TABLE IV______________________________________204 Bearing Tests (M-50 Steel)(500 F. Bearing Performance Life, Hours)       Bearing Unit No.                   % IncreaseSample        1      2        Avg. In Life______________________________________Krytox        254    388      321  --Krytox + 5%   300    444      372  16BissalicylaldehydeEthylenediamine______________________________________

              TABLE V______________________________________FOUR BALL WEAR TESTS(40 Kg Load, 1,200 RPM, 52100 Steel Balls, 167 F.)          WEAR SCAR   %          DIAMETER    REDUCTIONSAMPLE         (mm)        IN WEAR______________________________________GreaseKrytox         1.57        --+5% Bissalicylaldehyde          1.18        +25EthylenediaminePolyalpha Olefin Oil/          1.03        --Clay Thickened Grease+5% Bissalicylaldehyde          0.81        +21Ethylenediamine______________________________________ *NOTE: Krytox is the fluorinated oil grease from DuPont Co.

The lubricating oil grease additives are prepared by reacting a polyamine such as an aryl polyamine or an alkylene polyamine e.g. benzidine or ethylene diamine, respectively with the carbonyl group of an aliphatic or aromatic aldehyde to form Schiff base derivatives. Generally, the polyamines are reacted with the aldehydes at approximately stoichiometric amounts i.e. at a mol. ratio of about 0.5 mol. of the diamine for each carbonyl group of the aldehyde or about 1.0 chemical equivalent of the diamine for each chemical equivalent of carbonyl group of the aldehyde. These reactions generally take place at temperatures ranging from about 140 to 350 F. or at a more narrow range from about 180 to 225 F. The reaction time will depend to some extent upon the reaction temperature. The degree of reaction can be determined by measuring the amount of water split-off during the reaction. In this regard, it is advisable to employ a water entraining solvent such as heptane or toluene, etc. to remove the water as it is formed during the reaction as an azeotrope. The total reaction time, to obtain the Schiff base, may range anywhere from 1 to 15 hours and more likely from 3 to 10 hours depending on the particular reaction conditions and particularly on the temperature of the reaction.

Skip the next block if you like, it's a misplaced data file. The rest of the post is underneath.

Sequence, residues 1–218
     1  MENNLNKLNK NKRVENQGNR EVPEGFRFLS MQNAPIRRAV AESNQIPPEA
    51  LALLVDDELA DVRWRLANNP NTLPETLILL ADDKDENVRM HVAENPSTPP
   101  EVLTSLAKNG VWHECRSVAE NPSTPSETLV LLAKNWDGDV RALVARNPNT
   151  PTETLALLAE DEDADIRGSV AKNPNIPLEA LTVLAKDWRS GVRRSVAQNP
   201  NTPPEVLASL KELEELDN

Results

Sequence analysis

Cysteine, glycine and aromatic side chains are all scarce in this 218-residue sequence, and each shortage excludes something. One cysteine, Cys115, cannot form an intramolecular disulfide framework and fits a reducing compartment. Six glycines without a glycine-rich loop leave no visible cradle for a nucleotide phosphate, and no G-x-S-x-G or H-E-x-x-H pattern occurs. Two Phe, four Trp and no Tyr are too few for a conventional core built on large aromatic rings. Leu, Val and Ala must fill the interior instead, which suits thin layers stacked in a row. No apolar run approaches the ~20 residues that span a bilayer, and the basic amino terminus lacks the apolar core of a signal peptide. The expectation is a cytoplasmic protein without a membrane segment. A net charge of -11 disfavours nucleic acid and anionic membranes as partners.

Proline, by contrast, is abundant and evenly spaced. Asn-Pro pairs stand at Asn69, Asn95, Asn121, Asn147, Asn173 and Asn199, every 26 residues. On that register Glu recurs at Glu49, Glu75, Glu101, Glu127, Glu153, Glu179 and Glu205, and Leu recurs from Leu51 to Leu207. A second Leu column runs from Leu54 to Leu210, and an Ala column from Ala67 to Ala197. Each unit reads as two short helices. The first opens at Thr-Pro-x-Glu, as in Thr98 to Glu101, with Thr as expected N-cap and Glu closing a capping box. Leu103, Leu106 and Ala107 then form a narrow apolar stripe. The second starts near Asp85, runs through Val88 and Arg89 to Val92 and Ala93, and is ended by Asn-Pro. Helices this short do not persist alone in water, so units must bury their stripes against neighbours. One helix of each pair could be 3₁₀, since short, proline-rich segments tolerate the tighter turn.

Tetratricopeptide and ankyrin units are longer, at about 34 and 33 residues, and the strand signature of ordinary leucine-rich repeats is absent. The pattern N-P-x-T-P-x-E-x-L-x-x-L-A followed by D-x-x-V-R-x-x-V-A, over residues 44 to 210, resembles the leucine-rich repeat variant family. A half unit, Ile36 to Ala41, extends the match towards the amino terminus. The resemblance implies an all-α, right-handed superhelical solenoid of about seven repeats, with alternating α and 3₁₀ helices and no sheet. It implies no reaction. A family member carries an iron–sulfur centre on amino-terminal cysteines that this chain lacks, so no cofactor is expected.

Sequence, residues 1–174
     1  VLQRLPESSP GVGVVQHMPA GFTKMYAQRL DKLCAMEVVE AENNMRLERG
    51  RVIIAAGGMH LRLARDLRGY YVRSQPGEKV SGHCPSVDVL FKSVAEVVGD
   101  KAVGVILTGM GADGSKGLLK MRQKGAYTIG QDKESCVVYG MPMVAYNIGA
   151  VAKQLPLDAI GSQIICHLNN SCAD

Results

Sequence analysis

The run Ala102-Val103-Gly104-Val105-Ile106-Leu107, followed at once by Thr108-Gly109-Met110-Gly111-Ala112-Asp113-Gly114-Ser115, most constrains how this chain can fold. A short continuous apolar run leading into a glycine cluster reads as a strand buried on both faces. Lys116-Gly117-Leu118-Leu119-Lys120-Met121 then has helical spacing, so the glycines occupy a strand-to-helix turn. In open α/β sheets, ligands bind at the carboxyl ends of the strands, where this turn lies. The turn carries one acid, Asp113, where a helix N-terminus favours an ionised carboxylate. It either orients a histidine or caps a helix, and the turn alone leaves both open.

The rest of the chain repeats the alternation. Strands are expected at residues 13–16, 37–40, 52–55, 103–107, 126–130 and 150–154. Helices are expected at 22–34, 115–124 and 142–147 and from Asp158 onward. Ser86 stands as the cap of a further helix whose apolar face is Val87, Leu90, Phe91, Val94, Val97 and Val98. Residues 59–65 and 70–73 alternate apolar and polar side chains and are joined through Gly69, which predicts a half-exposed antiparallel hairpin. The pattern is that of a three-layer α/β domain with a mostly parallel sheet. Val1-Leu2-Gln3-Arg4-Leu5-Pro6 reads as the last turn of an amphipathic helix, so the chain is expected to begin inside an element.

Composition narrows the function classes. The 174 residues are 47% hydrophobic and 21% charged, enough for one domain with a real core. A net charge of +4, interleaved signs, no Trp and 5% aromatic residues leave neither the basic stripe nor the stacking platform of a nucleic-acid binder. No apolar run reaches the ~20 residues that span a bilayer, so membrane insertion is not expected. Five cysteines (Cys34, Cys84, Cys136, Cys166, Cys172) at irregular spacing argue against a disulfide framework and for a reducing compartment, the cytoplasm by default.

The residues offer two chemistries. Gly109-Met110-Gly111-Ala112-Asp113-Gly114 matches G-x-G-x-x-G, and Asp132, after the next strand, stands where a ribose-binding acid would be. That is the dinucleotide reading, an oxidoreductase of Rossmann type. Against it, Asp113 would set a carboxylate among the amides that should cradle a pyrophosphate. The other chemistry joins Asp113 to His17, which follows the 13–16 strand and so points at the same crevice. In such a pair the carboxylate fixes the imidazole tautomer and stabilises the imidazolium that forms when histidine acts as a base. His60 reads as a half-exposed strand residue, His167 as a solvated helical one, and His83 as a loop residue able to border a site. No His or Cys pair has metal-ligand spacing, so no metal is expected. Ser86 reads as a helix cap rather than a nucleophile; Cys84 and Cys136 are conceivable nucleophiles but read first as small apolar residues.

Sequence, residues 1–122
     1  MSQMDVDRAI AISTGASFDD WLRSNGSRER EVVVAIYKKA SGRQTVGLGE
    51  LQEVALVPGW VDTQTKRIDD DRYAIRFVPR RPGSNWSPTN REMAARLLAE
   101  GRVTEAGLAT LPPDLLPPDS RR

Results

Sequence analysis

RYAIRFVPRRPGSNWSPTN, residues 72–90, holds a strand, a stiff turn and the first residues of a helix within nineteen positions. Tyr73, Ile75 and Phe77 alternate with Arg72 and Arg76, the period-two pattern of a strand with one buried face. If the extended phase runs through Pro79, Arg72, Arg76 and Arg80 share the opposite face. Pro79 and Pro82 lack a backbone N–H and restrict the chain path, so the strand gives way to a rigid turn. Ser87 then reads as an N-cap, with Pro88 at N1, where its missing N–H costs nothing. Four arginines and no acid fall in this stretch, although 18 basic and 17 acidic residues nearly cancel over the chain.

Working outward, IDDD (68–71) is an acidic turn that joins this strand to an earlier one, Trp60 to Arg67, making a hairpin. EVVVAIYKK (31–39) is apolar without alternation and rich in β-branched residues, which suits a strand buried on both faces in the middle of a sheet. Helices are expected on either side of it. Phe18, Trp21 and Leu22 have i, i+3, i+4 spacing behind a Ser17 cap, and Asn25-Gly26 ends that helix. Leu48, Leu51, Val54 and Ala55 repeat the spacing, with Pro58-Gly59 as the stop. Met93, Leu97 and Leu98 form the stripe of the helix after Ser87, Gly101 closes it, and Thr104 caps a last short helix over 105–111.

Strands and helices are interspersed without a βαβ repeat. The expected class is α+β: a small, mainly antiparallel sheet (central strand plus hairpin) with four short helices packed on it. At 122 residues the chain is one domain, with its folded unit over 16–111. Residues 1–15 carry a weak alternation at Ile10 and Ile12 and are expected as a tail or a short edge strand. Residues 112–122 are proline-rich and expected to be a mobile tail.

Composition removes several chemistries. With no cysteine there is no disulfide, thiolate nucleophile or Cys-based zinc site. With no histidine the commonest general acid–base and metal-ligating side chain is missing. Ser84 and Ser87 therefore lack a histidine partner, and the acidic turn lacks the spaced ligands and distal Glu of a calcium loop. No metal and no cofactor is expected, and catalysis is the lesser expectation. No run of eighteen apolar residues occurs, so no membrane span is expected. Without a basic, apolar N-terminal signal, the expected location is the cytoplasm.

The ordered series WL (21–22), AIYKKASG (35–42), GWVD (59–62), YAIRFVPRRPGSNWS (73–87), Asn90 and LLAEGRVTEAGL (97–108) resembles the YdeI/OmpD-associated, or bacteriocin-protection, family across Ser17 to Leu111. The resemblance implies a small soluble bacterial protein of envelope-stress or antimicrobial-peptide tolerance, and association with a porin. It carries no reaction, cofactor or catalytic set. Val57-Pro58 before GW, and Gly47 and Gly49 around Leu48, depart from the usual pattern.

Generally, compounds derived from the reaction of aldehydes and polyamines are identified as Schiff bases having the formula: ##STR1## wherein R is selected from the group consisting of hydrogen and aliphatic hydrocarbon components having from about 4 to 24 carbon atoms; Ar is an aromatic group derived from an aromatic hydrocarbon of the group consisting of benzene or naphthalene; R1 is selected from the group consisting of hydrogen, alkyl components of 1 to 12 carbon atoms, aralkyl components of 4 to 12 carbon atoms and alkylene components of 4 to 18 carbon atoms; R2 is selected from the group consisting of hydrogen and alkyl groups having 1 to 6 carbon atoms and X is a number ranging from 1 to 12.

The alkylene polyamines or aliphatic polyamines useful for preparing the Schiff base reaction compounds may be characterized as amino compounds containing from about 2 to 12 nitrogen atoms wherein pairs of the nitrogen atoms are joined by an alkyl or alkylene groups having from 2 to 4 carbon atoms. In addition, mixtures of the alkylene polyamines and alkyl amines may be used in preparing the Schiff base reaction products. Some of the preferred polyamines include diethylene triamine, tetraethylene pentamine, dibutylene triamine, dipropylene triamine, tetrapropylene pentamine, and various other aliphatic polyamines such as the amino alkyl-piperazine including aminoethyl piperazine, aminoisopropyl piperazine, etc. Other alkyl amino compounds include the dialkylamino alkylamines, dimethylamino methyl amine, dimethylamino propyl amine, methylpropyl aminoamyl amine, etc. The alkyl or alkylene amines may be characterized by the formula: ##STR2## wherein R1 is an alkyl or alkylene radical such as ethyl or ethylene, propyl or propylene, butyl or butylene, etc. and R2 and R3 are alkyl radicals having 1 to 8 carbon atoms.